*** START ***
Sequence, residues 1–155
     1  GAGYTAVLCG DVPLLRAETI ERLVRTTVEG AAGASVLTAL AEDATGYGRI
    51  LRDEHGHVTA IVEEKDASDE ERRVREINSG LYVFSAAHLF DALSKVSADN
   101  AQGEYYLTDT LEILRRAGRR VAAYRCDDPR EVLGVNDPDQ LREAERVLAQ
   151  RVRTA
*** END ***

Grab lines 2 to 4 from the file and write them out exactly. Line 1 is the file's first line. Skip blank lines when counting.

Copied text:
     1  GAGYTAVLCG DVPLLRAETI ERLVRTTVEG AAGASVLTAL AEDATGYGRI
    51  LRDEHGHVTA IVEEKDASDE ERRVREINSG LYVFSAAHLF DALSKVSADN
   101  AQGEYYLTDT LEILRRAGRR VAAYRCDDPR EVLGVNDPDQ LREAERVLAQ